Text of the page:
Thursday, 12 June 2014

Between copying and innovation

Variations on the same thought have come my way from separate directions.

The picture of a Circle Dance was taken at St Matthew’s, New Waltham during a parish consultation day we ran there on Saturday.   Kimberly Bohan, the parish priest there, did us a number of favours including listening to us in the morning and then singing with and talking to us after lunch – such was her impact at least a third of the single sentences of feedback we received from each participant quoted one bit of what she said.

Part of what she said was a reminder of Clark Terry’s words about jazz technique – imitate, assimilate, innovate.  First one copies, including the hard work of basic musical practice.  Eventually one is comfortable playing on one’s own, the patterns having become a natural part of what one does.  Only then does one have a secure basis to step out in a new direction, freedom bred from rootedness and security.  The apparent resulting paradox is that the new is effective and true because it is faithful to its points of origin.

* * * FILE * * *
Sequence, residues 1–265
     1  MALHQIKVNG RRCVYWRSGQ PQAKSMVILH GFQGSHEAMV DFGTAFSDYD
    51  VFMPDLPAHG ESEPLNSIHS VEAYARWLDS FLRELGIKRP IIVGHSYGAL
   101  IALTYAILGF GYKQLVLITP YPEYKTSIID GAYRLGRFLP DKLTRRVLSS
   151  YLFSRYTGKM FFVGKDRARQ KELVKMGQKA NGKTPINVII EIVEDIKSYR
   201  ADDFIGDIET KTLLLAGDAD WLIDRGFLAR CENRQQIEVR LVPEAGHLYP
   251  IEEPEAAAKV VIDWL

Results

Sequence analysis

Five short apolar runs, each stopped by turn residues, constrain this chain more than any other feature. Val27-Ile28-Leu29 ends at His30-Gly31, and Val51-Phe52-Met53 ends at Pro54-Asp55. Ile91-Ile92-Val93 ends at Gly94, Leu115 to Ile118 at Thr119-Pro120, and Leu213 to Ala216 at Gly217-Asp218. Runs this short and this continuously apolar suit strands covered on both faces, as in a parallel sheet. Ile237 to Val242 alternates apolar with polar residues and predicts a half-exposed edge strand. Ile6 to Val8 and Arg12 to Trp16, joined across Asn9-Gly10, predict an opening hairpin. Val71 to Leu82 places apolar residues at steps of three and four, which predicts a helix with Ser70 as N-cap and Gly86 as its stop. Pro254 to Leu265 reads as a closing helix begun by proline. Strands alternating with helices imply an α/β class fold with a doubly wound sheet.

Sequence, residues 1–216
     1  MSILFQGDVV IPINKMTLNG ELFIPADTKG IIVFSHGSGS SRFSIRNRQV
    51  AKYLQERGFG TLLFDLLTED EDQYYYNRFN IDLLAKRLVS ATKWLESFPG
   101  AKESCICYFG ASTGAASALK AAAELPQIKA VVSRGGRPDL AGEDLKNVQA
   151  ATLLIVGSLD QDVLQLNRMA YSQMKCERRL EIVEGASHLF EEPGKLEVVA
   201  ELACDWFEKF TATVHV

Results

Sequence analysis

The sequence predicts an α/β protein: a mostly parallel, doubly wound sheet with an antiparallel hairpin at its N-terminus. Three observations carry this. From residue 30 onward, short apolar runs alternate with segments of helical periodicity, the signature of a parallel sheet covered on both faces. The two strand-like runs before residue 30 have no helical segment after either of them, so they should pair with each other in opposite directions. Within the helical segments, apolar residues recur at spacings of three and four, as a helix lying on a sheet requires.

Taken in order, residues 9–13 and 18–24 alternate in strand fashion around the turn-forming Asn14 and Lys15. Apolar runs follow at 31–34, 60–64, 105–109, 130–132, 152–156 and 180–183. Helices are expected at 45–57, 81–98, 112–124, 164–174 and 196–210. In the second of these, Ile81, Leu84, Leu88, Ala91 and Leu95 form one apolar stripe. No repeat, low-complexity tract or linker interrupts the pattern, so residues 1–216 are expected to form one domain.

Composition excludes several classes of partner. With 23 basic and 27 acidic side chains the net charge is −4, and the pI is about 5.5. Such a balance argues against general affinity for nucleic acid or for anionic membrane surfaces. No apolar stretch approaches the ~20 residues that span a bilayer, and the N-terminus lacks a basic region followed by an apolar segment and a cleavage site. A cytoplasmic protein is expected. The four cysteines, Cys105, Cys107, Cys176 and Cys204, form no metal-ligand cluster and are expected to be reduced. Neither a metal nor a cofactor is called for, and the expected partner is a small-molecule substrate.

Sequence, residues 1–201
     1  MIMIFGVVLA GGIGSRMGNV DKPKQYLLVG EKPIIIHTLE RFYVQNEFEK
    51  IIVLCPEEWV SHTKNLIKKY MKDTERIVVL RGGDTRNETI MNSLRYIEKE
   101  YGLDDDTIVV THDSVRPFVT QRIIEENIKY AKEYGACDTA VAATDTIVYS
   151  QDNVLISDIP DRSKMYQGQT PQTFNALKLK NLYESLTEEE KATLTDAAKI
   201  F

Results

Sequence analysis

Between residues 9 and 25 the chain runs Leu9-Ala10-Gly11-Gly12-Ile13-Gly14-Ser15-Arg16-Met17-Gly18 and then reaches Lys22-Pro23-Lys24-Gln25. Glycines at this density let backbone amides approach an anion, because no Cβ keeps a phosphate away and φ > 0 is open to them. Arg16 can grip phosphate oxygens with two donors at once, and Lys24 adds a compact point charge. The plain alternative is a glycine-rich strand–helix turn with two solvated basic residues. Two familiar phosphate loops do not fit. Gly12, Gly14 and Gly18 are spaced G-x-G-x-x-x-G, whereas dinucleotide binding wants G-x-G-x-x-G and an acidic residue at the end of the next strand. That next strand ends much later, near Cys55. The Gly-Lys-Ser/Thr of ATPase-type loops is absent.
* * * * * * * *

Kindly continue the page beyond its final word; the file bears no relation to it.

Meanwhile, having seen the new statue by Aidan Hart in Lincoln Cathedral we have begun to read some of what he has written about icons in particular.

Part of what he writes is a reminder of the basic Orthodox approach – shunning equally ‘slavish copying’ and ‘unspiritual innovation’.  Only an icon writer who has first laboriously learnt the techniques involved and then allowed them to become a natural part of him or herself would venture to develop the tradition in a manner which the consensus of the church might come to see as inspired (but which, in the nature of things, it is more likely to see as a failure because it is too much a self-expression or too much influenced by the culture around the innovator).

Both begin in the same place – imitation and copying - necessary starting point but not sufficient as a finishing point.  Both come to inhabit a new place – assimilation and that poise between copying and innovation.  Both hold out the possibility that there is more to be found and expressed – both use the word innovation but one warns that even then this remains a dangerous venture.

It all chimes for me the obvious parallel with the dilemma to which I often return caught between the conservative and liberal wings of the church.  We cannot simply repeat an old formula.  We cannot simply launch into new venture.  We have to know the old so well that it is part of us before we can take the still dangerous step of developing something fresh from it.

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